The growth of web-based mapping is transforming geovisualization. Use of web mapping has become ubiquitous throughout much of the world and has sparked greater public interest in GIS and mapping. Despite the rapid growth of web mapping, there has been relatively little study of the design and usability of web maps. Moreover, the design and function of popular web mapping programs are sometimes at odds with standard GIS and cartographic practices for even the simplest of functions such as zooming into a feature of interest. This study advances understanding of web mapping design via web usability testing based on mouse metrics and eye tracking technology to assess the utility of four different web map navigation schemes: pan zoom; double clicking; zoom by rectangle; and wheel zoom. We found significant differences among the various interfaces, with marked preference for the standard GIS approach of rectangle zoom, followed closely by wheel zoom. Far fewer users preferred the web mapping standard of pan zoom or click zoom. In addition to finding significant differences in usability among these approaches, this work illustrates the broader utility of usability testing and eye tracking technology for creating a better web mapping experience for users.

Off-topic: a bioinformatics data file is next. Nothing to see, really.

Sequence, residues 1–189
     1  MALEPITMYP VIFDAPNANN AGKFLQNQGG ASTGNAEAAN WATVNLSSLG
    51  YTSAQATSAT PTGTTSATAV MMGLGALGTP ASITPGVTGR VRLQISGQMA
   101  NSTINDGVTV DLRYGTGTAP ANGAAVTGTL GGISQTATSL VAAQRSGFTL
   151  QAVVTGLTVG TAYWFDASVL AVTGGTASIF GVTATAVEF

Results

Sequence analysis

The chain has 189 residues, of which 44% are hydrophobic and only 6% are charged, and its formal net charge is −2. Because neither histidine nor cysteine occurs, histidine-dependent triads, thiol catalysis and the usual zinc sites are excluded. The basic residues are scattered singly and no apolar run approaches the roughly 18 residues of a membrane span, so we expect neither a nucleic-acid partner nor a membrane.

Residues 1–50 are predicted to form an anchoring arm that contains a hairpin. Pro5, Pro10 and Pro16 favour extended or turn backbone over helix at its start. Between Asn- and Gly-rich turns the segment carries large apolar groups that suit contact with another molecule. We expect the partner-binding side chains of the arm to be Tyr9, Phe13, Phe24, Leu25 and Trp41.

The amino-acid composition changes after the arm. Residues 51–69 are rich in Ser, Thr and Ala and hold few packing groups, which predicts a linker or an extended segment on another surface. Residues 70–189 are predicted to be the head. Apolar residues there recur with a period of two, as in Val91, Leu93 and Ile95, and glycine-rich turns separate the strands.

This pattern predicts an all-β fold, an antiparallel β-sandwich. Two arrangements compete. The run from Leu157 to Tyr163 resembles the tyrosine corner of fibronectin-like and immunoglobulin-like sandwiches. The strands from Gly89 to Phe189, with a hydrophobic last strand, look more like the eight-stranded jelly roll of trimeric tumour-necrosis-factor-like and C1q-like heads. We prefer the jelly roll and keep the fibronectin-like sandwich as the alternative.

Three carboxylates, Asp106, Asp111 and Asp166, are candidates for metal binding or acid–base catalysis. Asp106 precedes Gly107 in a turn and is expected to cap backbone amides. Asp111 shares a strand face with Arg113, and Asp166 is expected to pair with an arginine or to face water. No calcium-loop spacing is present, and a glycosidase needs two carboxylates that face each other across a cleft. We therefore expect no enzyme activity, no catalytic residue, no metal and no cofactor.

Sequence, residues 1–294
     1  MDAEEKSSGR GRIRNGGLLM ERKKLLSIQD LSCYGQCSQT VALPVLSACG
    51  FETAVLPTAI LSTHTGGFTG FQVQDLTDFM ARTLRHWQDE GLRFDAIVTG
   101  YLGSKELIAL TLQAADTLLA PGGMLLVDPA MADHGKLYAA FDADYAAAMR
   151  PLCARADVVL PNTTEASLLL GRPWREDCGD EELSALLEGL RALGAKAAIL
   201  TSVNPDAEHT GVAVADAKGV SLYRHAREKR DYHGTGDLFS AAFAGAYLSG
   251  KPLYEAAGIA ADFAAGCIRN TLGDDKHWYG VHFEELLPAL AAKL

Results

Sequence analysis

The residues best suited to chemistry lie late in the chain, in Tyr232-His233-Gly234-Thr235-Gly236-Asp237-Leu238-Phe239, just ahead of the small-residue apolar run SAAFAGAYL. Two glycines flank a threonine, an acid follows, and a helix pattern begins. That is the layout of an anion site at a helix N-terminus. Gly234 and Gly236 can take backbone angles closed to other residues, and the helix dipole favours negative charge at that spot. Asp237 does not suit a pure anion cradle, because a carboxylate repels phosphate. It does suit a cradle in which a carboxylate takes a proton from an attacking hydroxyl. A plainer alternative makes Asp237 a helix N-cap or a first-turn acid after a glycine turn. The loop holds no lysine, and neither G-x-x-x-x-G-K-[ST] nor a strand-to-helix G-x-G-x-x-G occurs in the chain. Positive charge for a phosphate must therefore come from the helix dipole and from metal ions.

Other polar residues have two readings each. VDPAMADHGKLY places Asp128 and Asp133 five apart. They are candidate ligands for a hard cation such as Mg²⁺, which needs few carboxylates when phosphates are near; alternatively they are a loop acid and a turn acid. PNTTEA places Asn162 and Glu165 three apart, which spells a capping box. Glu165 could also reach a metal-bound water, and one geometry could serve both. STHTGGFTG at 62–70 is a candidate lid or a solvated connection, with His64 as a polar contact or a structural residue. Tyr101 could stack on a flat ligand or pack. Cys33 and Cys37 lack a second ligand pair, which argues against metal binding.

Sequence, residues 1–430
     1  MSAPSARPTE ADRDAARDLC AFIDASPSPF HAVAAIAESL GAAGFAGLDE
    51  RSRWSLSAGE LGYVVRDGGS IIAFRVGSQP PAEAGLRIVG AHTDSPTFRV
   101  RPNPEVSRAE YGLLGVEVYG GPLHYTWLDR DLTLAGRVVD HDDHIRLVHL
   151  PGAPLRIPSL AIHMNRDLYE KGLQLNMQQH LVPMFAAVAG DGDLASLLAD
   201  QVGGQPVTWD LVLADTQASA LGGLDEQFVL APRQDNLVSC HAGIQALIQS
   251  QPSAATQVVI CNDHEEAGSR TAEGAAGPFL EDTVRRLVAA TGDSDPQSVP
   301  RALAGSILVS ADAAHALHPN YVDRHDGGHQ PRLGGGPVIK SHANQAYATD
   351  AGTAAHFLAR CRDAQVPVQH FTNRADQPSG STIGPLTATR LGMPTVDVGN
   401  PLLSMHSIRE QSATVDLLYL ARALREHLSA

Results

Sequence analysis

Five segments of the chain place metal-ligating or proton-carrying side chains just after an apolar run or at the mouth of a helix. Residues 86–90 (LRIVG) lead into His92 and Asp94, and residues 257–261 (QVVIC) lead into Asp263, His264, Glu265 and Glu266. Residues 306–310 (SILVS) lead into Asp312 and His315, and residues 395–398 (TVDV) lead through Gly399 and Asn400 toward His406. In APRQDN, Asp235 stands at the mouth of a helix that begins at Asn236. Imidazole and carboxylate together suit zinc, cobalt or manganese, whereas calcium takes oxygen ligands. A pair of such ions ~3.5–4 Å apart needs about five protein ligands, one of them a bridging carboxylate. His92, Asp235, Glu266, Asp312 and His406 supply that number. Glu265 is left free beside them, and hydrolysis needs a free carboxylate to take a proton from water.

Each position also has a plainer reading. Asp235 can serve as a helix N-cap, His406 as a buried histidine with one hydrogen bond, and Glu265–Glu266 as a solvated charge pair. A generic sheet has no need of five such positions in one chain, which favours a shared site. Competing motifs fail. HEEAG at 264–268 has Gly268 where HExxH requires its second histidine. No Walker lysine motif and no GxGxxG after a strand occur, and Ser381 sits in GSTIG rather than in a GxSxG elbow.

Bibliographical noteFunding Information:
This work is supported in part by the National Aeronautics and Space Administration New Investigator Program in Earth-Sun System Science (NNX06AE85G), the University of Minnesota’s College of Liberal Arts, and the Resident Fellowship program of the Institute on the Environment. The authors gratefully acknowl- edge the assistance of the editor and anonymous reviewers. Responsibility for the opinions expressed herein is solely that of the authors.
- Eye tracking
- Geographic information science
- Web mapping